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Do I Need a Content Disclaimer?

James Chiodo, Certified Information Privacy Professional CIPP/US

A Content Disclaimer serves one main purpose: It is posted on sites where users, members or third-parties (advertisers, sponsors and merchants) post information, comment or exchange opinions on your website or blog.

The Content Disclaimer gives notice that you are not responsible for, nor do you advocate the content, comments or opinions posted or exchanged by others through your Website or Blog, and that all content (including your content) provided on your Website can be changed, edited or removed at your sole discretion.

The Content Disclaimer also provides notice that you are under no obligation to keep the information on your Website or the subject matter in your Blog continuously current. This is due to the natural and ever-changing evolution of information, thus, you do not make any warranties as to errors, accuracy, reliability and timeliness of the entire content of the Website or Blog, again, due to the constant changing of information.

In regard to Blog content, the Content Disclaimer gives notice that your Blog contains your opinions and personal views, and is not to be considered as “expert” advice or opinion. Equally important, the Content Disclaimer gives notice that your Blog content is not intended to malign anyone or anything.

How Does a Content Disclaimer Protect You?

The Content Disclaimer reduces your risk of liability, in the advent of any claims or lawsuits based on content accessed through your Website or Blog. By giving notice that you do not advocate, endorse, warrant or guarantee any content provided by others through your Website or Blog, and by not providing warranties or guarantees regarding the content validity, you are asserting your right to publicly safeguard your eCommerce business from claims beyond your control.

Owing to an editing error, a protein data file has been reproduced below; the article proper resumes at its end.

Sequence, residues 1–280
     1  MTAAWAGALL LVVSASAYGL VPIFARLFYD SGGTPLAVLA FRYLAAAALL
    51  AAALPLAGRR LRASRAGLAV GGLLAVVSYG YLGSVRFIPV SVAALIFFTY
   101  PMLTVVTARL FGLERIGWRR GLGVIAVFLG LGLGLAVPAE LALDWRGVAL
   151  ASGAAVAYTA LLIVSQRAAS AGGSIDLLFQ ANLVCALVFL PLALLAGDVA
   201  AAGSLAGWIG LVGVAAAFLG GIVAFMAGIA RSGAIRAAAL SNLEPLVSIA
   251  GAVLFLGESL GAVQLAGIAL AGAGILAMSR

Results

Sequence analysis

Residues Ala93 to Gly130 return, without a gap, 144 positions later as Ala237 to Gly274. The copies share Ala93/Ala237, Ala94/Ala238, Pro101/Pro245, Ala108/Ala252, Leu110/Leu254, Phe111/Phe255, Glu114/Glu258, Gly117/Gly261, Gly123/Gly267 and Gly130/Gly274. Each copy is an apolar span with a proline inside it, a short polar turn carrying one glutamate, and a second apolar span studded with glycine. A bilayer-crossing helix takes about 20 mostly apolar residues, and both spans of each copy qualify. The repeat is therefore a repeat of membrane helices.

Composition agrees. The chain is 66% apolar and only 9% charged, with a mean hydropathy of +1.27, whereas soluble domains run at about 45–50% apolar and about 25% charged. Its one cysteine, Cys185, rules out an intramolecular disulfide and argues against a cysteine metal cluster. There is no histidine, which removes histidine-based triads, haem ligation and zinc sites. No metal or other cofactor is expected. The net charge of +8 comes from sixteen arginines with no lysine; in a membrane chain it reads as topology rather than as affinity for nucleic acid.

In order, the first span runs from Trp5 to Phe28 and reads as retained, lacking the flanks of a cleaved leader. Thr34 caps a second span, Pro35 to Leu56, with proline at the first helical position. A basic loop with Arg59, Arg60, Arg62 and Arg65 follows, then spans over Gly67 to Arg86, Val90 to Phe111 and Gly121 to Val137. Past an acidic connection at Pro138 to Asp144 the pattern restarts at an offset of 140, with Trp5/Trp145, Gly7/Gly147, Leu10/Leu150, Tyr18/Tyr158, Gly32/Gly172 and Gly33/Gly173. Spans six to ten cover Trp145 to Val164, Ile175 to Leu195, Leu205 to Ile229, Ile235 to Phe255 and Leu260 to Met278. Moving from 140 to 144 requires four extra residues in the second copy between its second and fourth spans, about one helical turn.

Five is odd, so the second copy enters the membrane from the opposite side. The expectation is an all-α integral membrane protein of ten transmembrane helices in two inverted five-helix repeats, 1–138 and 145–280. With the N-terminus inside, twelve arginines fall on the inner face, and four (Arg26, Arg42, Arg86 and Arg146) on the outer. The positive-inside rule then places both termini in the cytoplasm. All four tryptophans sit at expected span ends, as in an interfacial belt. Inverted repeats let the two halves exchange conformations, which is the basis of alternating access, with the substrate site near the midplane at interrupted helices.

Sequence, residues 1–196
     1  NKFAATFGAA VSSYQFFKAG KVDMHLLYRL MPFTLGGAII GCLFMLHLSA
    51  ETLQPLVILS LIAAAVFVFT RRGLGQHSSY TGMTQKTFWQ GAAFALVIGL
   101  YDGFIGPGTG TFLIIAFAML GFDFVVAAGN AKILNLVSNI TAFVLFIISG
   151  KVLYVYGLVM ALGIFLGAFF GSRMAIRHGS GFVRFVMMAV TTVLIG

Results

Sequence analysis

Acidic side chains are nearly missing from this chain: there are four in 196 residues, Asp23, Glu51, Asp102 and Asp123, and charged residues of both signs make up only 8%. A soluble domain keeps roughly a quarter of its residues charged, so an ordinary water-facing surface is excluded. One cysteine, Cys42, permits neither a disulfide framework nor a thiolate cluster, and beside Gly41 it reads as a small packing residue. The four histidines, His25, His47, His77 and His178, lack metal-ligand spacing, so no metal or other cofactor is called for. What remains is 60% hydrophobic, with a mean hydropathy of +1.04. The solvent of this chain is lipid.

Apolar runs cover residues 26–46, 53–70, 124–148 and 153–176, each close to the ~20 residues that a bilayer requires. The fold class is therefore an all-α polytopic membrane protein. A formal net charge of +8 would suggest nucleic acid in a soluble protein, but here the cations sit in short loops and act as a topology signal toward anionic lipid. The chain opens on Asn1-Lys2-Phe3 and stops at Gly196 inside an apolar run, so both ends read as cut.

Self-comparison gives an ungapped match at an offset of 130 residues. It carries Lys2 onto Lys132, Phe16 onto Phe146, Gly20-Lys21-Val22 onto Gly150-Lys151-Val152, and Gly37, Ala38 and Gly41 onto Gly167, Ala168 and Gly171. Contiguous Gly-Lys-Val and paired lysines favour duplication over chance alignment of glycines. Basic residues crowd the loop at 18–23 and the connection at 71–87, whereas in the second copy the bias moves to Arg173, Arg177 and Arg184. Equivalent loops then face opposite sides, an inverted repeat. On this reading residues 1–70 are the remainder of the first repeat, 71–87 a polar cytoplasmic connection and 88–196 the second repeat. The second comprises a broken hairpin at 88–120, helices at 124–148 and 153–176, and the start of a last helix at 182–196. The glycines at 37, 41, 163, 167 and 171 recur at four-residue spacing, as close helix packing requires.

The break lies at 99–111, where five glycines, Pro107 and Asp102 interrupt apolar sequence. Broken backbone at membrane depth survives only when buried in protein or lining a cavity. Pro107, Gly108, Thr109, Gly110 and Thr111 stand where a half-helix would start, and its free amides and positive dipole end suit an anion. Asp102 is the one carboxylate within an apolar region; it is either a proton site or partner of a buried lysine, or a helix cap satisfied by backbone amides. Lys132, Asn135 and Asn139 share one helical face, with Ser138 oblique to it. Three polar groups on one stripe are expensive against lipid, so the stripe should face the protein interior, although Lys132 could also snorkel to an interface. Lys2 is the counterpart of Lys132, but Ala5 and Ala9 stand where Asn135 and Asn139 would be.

If any claims or lawsuits are initiated based on content accessed through your Website or Blog, the Content Disclaimer can serve as relevant evidence in defending your eCommerce business from unsustainable content claims or lawsuits.

In regard to Blogs, libel and defamation claims or lawsuits may arise if reputations are intentionally harmed by Blog subject matter. You are in control of what you write in a Blog. Being cognizant of avoiding intentional harm is the most advantageous way in protecting yourself from libel and defamation claims or lawsuits.

A Content Disclaimer contributes in reducing the possibility of libel or defamation claims from arising; it gives public notice that your intent is NOT to malign anyone or anything. HOWEVER, IMPORTANT TO NOTE; YOU ARE RESPONSIBLE FOR WRITING FALSE STATEMENTS OF FACT TO PURPOSELY OR INTENTIONALLY HARM THE REPUTATION OF ANYONE OR ANYTHING.

It may be helpful to know the legal definitions of libel and defamation in order to ensure you are not publishing Blog subject matter that may fall within their legal definitions.

The legal definition of libel is: “to publish in print (including pictures,) writing or broadcasts through radio, television or film, an untruth about another or entity, which will do harm to that person or entity’s reputation.” The legal definition of defamation is; “to injure one’s reputation caused by a false statement of fact and includes both libel (defamation in written or fixed form) and slander (spoken defamation).

The crux of a defamation claim is falsity. Truthful statements that harm another’s reputation will not create liability for defamation (although they may open you up to other forms of liability if the information you publish is of a personal or high private nature.) Caution and restraint is key to avoiding possible libel and defamation actions.

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